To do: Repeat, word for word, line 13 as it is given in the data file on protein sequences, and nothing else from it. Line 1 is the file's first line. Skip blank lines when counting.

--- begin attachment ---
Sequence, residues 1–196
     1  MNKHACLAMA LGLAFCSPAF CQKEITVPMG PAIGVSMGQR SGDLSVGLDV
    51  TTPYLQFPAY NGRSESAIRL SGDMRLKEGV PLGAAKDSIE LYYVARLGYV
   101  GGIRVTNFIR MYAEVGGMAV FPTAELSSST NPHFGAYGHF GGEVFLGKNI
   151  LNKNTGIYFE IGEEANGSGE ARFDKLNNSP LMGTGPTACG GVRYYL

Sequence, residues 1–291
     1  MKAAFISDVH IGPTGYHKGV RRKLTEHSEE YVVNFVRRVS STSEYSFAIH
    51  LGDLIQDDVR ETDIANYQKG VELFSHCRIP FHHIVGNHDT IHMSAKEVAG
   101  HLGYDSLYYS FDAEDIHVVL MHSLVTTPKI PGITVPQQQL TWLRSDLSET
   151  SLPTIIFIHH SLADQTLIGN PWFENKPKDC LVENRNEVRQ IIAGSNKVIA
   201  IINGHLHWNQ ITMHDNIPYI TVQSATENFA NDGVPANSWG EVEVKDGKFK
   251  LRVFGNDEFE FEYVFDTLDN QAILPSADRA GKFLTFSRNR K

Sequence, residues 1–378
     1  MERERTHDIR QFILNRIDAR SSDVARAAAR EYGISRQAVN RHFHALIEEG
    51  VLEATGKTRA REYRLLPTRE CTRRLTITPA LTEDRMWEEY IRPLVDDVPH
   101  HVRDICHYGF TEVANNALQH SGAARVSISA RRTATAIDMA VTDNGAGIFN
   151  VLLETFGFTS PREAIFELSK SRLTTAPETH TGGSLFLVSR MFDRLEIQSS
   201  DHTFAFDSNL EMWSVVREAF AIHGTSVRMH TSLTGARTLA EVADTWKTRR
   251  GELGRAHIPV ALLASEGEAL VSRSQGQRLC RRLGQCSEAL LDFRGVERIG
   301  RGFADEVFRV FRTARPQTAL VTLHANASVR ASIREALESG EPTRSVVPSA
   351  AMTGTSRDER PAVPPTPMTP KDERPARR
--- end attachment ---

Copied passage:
Sequence, residues 1–378